Actually 25% of my ancestry and DNA is unknown. It would be fun to find some Germans wandering around central Wisconsin and tell them we’re related. Except my map alone would not do the trick.

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        1. Garrison Keillor has been snickering at Mpls with its alphabetically organized grid of streets for decades. The next line is usually the one about Mpls being white bread and St Paul being dark bread.

          OT: speaking of bread, should I get a bread machine? Are the expensive to run? Hard to clean?

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        2. Steve – I think bread machines are wonderful. If you decide to go for it, I’d be willing to come over and do a short tutorial and bring some of my favorite bread machine recipes!
          I’ve had two over the years and neither were hard to clean out. The only problem I ever found w/ bread machines is that if I set the bread to be done baking when I get up in the morning, the smell of the baking bread wakes me up!

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        3. Forgot to answer the second question about bread machines. No, they are not expensive… unless you always use boxes of bread mix that you buy in the store. But if you’re just using flour, yeast, etc., it’s pretty cheap!

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        4. Steve, I had good luck using a bread machine for several years, but didn’t replace it when it wore out. If you decide you want one you should talk to people who use them. Some are better than others and it would be good to get one that is know to be easy to use by some one who has used it. I think bread machines make good bread, but there are better ways to make bread. I think making bread with a machine would be good for you because your problems with arthritis would limit your ability to do the hand work needed to make bread other ways.

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        5. And bread machines are also excellent for when you have a challenging schedules, when you can’t always count on being in the right place (kitchen) at the right time.

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        6. I agree, VS. When I had a bread machine I was able to make most of the bread we consumed because it was a quick way to make good bread. Without a bread machine to help me, I am not getting much bread making done currently.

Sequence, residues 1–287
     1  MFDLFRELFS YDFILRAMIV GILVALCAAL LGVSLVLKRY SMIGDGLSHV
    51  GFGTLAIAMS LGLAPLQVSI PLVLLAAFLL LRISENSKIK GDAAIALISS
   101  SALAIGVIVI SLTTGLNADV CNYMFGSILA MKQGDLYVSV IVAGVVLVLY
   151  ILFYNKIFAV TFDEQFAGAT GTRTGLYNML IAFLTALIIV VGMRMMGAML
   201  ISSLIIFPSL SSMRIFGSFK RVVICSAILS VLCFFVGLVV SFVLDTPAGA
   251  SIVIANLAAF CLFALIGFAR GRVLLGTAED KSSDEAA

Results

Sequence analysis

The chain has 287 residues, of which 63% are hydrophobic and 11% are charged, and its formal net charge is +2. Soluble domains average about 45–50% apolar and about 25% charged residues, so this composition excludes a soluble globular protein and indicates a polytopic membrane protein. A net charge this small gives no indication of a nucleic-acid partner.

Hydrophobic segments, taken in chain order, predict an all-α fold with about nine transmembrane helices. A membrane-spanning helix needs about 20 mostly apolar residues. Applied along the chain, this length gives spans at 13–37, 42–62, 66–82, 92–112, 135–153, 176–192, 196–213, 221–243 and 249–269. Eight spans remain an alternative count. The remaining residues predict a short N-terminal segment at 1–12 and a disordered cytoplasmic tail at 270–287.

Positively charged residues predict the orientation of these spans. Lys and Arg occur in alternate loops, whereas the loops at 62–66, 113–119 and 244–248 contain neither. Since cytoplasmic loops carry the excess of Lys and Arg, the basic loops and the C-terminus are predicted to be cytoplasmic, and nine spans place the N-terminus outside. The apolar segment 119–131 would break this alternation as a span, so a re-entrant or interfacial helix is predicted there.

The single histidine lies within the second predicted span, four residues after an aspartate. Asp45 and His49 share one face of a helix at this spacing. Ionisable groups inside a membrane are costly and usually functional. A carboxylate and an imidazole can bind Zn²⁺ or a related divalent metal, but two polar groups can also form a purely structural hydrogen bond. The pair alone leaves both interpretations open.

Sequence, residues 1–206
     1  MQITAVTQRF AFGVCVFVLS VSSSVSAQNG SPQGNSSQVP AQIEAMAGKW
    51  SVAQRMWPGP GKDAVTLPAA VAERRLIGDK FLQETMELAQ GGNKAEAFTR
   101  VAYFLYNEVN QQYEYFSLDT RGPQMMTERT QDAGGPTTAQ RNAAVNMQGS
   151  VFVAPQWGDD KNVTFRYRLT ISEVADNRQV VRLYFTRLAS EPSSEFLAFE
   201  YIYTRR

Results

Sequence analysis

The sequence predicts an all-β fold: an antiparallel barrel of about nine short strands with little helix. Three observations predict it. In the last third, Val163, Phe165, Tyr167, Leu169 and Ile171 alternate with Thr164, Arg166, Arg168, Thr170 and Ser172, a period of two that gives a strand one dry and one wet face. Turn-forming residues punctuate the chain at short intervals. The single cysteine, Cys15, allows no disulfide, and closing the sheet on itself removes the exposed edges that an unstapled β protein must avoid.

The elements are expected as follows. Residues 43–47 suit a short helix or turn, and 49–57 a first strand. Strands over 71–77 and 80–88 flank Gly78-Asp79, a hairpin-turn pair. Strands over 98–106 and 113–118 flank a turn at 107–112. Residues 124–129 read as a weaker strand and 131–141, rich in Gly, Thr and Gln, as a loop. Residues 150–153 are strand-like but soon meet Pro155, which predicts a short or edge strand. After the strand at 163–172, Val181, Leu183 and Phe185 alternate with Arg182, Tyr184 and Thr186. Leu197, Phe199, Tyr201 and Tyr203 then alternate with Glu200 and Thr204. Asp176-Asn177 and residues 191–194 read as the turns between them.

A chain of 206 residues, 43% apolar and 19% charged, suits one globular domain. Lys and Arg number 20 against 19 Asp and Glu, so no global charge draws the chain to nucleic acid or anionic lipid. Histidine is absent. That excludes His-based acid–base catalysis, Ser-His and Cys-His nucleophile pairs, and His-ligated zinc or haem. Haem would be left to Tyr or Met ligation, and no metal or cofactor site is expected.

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      1. My map would look more like Duluth, a grid tipped 45 degrees.
        I spend way too much time looking at maps. I have nephew who inherited it. Now my 4th grade grand daughter gets an A+ in geography because she is supposed to be able to identify seas and continents when she can do most of the countries of Europe. She amuses herself in trips by studying the atlas. I gave her a big one awhile back which she keeps by her bed.

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        1. i was looking at the big road atlas i used in the hippy van to travel the world years ago and thinking how much cooler it was to figure it out than to hit the button on your toy and have it tell you which route you should take. the options never occur to you if you hit the go button.

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  5. i was ata dinner last night where the host was a big dog in the barley industry. he said it is the new super grain. the details on the wonders of barley are quite astounding. the protien is easily processed by our bodies unlike wheat the properties make it super food. the koreans and japanese mix it in with their rice because rice is so low in nutritional value. it sells in ethnic sections of the grocery store. it was a nice meal of his special pasta with chicken and sausage i could not eat with my vegetarian diet so they pulled out the barley and i ate it with a salad until the wife mentioned he hydrates the barley with chicken stock. i will try it myself with my own fixings. sounds like a good addition to the diet. grand forks is barley central right now and should be growing as the news gets out. you heard it here first…..